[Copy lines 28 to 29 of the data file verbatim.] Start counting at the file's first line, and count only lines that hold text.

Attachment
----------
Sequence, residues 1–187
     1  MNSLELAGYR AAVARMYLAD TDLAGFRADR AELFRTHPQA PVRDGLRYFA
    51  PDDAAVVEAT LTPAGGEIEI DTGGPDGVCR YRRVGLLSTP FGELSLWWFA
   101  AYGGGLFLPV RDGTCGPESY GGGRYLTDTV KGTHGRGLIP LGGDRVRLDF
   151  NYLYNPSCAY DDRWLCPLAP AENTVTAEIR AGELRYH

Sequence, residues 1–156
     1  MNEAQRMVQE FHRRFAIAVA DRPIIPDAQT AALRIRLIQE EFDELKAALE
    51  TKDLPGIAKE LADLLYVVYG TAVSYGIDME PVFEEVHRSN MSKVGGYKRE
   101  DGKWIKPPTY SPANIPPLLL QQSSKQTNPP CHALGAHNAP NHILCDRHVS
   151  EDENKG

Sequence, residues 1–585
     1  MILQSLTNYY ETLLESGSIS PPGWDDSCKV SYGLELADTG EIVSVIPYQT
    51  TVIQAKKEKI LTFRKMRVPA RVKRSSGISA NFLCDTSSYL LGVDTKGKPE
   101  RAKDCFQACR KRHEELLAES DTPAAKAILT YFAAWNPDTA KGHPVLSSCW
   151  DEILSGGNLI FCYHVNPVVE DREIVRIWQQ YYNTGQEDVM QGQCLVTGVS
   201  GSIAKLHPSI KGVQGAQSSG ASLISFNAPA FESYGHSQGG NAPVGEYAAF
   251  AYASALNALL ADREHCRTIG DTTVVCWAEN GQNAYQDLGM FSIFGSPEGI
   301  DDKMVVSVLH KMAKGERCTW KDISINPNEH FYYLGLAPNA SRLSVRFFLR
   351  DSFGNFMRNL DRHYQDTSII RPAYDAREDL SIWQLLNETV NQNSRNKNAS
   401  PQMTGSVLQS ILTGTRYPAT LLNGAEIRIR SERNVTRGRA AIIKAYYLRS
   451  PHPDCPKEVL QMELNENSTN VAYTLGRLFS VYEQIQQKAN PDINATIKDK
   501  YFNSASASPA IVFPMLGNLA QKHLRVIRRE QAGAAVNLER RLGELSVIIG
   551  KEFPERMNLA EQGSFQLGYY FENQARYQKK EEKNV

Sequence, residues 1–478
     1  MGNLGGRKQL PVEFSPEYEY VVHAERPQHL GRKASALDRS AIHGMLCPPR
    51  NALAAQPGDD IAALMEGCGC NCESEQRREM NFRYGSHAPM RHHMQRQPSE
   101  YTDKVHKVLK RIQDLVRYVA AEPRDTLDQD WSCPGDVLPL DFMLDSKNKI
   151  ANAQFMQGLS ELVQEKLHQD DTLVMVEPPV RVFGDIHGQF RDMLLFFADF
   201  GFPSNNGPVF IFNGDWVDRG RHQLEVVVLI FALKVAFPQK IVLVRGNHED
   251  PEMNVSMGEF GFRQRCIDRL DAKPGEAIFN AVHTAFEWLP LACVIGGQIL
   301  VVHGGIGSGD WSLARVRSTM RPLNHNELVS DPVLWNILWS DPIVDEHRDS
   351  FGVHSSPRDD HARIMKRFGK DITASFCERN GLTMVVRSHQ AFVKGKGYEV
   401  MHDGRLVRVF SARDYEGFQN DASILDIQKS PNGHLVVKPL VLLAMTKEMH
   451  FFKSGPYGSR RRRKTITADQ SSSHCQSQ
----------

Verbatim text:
   151  ANAQFMQGLS ELVQEKLHQD DTLVMVEPPV RVFGDIHGQF RDMLLFFADF
   201  GFPSNNGPVF IFNGDWVDRG RHQLEVVVLI FALKVAFPQK IVLVRGNHED